Tamil Nadu and Kerala.
Threats to Biodiversity
• Increasing population pressure

• Over-exploitation of the biotic resources

• The major threats to biodiversity decline are

– land use changes
– Pollution
– changes in atmospheric CO2 concentrations
– changes in the nitrogen cycle and acid rain
– climate alterations
– introduction of exotic species
Major causes and issues related to threats
to biodiversity
– Habitat destruction
– Resource mismanagement
– Poaching
– Man-wildlife Conflicts
– Global Warming
– Forest Fragmentation
– Introduction of exotic species
– Overgrazing
– Natural Calamities
Major causes and issues related to threats
to biodiversity
• Habitat destruction
– Man has begun to overuse or misuse most of these natural
ecosystems. Due to this ‘unsustainable’ resource-use, once
productive forests and grasslands have been turned into deserts
and wasteland have increased all over the world.

– Example : Mangroves have been cleared for fuelwood and

prawn farming, which has led to a decrease in the habitat
essential for breeding of marine fish.

– Example : Wetlands have been drained to increase agricultural


– Effect : These changes have grave economic implications in the

longer term.
Major causes and issues related to threats
to biodiversity
• Poaching
– Illegal trade of wildlife products by killing prohibited endangered animals.

– This is a big threat to wildlife.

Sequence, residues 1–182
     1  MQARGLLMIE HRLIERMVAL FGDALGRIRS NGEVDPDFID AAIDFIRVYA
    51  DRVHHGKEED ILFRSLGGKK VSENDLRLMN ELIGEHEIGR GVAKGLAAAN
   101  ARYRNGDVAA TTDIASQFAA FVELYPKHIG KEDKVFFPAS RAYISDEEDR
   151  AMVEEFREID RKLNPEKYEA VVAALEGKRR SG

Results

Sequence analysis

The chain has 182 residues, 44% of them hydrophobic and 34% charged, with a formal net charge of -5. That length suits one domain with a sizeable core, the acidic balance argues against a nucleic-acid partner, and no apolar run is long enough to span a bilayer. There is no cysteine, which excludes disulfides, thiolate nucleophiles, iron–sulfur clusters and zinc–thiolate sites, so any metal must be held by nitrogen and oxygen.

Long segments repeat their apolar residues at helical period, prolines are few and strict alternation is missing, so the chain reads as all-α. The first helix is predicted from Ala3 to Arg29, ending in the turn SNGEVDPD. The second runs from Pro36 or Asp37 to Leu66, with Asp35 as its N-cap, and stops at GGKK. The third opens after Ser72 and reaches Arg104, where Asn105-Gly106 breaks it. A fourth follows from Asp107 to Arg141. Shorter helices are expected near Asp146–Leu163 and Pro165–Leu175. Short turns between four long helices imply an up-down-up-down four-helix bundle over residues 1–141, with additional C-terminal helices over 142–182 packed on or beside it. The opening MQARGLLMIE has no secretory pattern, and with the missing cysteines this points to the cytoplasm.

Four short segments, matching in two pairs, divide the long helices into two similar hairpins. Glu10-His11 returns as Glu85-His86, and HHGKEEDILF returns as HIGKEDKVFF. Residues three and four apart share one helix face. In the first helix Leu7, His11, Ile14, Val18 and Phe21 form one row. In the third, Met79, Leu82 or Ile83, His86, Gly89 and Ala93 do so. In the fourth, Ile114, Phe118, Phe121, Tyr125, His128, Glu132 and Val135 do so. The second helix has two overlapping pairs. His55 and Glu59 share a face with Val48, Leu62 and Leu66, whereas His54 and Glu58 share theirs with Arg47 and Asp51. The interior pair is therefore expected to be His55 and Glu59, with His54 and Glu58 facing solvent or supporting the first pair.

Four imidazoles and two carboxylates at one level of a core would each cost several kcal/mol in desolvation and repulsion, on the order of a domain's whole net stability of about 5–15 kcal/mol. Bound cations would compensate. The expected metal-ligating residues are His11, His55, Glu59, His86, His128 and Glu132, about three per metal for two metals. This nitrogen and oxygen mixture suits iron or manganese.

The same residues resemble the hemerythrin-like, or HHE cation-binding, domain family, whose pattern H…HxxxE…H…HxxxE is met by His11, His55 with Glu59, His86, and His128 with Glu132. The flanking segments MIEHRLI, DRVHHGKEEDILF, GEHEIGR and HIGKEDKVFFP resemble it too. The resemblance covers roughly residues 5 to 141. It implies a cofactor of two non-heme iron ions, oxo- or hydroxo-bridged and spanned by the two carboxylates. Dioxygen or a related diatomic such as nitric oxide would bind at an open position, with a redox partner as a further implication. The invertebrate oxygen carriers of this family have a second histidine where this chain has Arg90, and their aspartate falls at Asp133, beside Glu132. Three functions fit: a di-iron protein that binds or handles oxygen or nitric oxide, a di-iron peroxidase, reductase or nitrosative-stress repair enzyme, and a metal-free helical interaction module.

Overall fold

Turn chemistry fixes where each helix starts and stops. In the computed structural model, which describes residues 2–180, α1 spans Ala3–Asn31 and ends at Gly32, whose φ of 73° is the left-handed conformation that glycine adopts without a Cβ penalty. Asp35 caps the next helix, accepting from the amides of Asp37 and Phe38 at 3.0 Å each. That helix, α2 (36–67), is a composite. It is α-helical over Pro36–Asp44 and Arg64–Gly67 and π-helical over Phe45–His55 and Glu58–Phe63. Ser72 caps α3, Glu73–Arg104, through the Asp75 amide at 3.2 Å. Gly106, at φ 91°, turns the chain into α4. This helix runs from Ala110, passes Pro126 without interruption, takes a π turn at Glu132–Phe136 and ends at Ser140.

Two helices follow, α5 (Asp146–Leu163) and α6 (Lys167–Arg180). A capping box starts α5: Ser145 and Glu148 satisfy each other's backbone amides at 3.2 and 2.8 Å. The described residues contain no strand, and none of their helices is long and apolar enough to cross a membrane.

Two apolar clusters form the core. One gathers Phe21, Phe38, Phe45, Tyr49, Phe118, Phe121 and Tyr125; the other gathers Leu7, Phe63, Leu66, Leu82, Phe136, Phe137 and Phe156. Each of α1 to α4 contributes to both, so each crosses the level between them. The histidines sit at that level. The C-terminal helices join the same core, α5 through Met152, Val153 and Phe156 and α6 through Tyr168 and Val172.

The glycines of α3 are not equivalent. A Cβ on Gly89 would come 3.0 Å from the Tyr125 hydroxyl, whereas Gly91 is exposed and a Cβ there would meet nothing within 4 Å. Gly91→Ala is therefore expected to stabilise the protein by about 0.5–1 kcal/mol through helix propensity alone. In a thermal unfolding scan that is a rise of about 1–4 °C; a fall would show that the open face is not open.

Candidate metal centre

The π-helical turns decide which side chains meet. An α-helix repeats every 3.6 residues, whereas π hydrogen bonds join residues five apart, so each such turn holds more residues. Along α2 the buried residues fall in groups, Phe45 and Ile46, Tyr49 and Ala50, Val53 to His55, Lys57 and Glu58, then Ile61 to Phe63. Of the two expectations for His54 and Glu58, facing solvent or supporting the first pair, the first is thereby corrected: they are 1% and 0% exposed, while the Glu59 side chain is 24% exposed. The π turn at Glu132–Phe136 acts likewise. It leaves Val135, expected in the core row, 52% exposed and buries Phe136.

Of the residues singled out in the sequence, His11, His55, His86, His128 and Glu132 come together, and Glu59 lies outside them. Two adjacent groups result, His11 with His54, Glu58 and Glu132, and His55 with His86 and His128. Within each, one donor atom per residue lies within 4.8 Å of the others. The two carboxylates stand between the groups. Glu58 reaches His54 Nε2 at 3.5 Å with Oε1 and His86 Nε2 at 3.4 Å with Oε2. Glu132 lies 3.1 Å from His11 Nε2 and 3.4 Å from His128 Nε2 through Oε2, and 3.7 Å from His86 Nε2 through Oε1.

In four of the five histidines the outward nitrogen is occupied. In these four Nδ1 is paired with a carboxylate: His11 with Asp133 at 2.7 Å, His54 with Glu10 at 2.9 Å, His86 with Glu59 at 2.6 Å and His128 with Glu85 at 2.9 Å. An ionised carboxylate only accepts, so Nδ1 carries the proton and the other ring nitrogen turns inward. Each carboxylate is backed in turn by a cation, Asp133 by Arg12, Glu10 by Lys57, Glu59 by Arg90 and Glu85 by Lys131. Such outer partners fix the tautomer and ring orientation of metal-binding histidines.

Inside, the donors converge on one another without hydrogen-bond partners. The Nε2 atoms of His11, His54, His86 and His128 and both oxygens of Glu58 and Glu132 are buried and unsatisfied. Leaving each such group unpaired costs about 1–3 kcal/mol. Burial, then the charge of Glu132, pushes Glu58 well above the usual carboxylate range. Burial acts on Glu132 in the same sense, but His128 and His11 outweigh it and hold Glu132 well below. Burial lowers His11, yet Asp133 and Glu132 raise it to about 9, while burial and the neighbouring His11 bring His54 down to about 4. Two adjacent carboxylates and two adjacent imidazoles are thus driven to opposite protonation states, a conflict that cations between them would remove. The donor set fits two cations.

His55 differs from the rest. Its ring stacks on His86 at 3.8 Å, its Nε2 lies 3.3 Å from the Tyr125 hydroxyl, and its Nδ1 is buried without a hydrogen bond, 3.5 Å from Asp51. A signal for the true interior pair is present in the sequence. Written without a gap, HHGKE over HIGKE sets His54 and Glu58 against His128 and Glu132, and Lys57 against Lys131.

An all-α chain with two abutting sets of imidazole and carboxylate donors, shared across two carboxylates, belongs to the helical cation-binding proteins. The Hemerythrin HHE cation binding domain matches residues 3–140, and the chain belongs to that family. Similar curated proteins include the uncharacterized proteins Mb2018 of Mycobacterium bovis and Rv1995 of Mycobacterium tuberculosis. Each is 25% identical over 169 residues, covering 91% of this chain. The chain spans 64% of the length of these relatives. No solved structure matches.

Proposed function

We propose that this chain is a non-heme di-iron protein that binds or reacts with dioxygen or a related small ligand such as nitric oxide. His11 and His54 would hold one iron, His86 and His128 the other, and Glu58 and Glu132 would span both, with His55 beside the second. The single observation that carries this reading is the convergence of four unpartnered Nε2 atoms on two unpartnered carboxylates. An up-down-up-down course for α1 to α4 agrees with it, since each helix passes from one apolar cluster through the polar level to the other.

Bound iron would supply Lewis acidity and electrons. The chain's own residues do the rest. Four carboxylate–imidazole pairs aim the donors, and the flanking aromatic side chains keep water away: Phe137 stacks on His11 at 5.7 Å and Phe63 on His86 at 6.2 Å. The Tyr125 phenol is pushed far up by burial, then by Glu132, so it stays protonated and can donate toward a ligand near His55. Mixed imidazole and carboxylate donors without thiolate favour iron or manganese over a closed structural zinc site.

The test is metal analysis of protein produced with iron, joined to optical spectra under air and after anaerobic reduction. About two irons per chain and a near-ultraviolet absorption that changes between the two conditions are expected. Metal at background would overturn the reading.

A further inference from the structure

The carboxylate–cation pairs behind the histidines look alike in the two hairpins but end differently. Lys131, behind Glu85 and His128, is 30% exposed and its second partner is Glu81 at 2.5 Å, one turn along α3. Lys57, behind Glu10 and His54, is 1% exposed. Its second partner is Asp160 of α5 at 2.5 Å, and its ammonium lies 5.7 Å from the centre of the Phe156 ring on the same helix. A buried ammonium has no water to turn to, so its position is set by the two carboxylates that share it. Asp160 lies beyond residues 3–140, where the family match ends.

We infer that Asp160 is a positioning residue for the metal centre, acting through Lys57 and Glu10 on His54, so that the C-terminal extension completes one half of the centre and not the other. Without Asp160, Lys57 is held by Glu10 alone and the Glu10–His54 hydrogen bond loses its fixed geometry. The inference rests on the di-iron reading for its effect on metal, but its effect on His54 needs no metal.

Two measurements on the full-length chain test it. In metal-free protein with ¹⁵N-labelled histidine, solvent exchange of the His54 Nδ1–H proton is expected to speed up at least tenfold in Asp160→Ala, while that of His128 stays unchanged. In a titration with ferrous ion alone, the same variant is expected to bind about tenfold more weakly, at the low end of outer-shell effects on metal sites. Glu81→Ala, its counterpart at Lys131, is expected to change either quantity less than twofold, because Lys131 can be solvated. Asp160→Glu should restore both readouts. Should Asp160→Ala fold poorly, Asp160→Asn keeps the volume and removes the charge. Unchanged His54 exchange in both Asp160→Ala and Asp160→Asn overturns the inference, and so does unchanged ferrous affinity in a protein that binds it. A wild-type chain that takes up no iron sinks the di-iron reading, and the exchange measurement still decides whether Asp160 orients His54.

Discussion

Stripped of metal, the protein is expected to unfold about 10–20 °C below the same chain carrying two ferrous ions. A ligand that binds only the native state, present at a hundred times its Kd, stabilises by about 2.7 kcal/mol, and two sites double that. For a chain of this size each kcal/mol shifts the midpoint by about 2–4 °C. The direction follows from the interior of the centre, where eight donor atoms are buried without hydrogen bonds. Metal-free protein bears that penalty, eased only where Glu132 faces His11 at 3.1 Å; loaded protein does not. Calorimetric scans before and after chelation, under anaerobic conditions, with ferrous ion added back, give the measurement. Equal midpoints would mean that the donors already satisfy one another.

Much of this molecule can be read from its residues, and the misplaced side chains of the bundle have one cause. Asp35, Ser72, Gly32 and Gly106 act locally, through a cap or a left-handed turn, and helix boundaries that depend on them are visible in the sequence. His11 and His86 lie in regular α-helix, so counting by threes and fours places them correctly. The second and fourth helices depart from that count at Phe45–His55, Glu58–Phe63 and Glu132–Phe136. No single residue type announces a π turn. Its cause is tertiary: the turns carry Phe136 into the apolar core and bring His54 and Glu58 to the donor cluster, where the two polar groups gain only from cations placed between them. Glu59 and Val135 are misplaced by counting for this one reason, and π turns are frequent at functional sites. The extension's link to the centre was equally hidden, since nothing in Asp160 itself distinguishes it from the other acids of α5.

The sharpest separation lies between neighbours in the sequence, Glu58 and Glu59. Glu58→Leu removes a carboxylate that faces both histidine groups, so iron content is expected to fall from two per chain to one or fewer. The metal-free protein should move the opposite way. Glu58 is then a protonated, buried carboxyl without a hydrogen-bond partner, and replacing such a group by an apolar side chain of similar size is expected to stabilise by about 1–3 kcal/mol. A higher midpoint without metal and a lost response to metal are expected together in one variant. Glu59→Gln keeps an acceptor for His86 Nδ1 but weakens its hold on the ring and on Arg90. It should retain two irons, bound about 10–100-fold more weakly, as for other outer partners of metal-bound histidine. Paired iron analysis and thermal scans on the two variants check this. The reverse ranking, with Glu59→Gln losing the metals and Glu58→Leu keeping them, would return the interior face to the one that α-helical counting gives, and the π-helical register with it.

– Skin and bones from tigers, ivory from elephants, horns from rhinos and the
perfume from the musk deer are extensively used abroad.

– Bears are killed for their gall bladders.

– Corals and shells are also collected for export or sold on the beaches of
Chennai and Kanyakumari.

– A variety of wild plants with real or at times dubious medicinal value are being
over harvested.

– The commonly collected plants include Rauvolfia, Nuxvomica, Dhatura, etc.

Collection of garden plants includes orchids, ferns and moss.
Major causes and issues related to threats
to biodiversity
• Man-Wildlife Conflicts
– When wildlife starts causing immense damage and danger to
– Several examples of elephants, tigers and other animals killing
humans have been recorded.

• Causes of Man-Wildlife conflicts

– Dwindling Habitats
– Man-eating tendency
– Scarcity of food
– Electric wiring
– Lack of corridors
– Inadequate Compensation
Endangered and Endemic Species of India
• The population has the potential to extend forward in time, but various
factors may prevent the perpetuation of the species.

• There are several species which are under threat by human activity.

• International Union for Conservation of Nature and Natural Resources

(IUCN) categorized these species as vulnerable, rare, threatened and
endangered species.

• Several plant and animal species in the country are now found in only one
or a few protected areas.

• Among the important endangered animals are charismatic species such as